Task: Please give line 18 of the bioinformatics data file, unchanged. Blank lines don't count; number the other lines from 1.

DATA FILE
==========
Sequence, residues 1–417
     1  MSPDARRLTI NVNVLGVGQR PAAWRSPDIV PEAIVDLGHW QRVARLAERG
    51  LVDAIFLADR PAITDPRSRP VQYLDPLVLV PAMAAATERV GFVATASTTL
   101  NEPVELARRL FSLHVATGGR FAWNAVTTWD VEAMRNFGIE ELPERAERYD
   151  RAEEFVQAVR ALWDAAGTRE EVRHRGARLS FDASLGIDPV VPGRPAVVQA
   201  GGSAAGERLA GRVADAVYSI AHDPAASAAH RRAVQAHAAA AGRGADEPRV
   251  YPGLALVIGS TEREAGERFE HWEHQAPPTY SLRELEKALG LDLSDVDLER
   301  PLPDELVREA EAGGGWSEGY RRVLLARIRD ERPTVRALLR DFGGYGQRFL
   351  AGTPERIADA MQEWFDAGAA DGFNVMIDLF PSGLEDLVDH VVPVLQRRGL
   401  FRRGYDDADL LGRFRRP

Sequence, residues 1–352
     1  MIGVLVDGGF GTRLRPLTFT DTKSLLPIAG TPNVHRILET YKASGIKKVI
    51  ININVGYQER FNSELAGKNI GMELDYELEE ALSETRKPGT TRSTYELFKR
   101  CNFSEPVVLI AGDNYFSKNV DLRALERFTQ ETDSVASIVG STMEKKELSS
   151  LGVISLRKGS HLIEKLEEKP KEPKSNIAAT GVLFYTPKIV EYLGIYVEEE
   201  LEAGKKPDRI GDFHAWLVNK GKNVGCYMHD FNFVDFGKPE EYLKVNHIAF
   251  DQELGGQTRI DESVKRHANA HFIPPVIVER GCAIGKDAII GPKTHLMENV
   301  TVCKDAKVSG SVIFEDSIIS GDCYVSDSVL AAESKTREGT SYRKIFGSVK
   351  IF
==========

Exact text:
   301  TVCKDAKVSG SVIFEDSIIS GDCYVSDSVL AAESKTREGT SYRKIFGSVK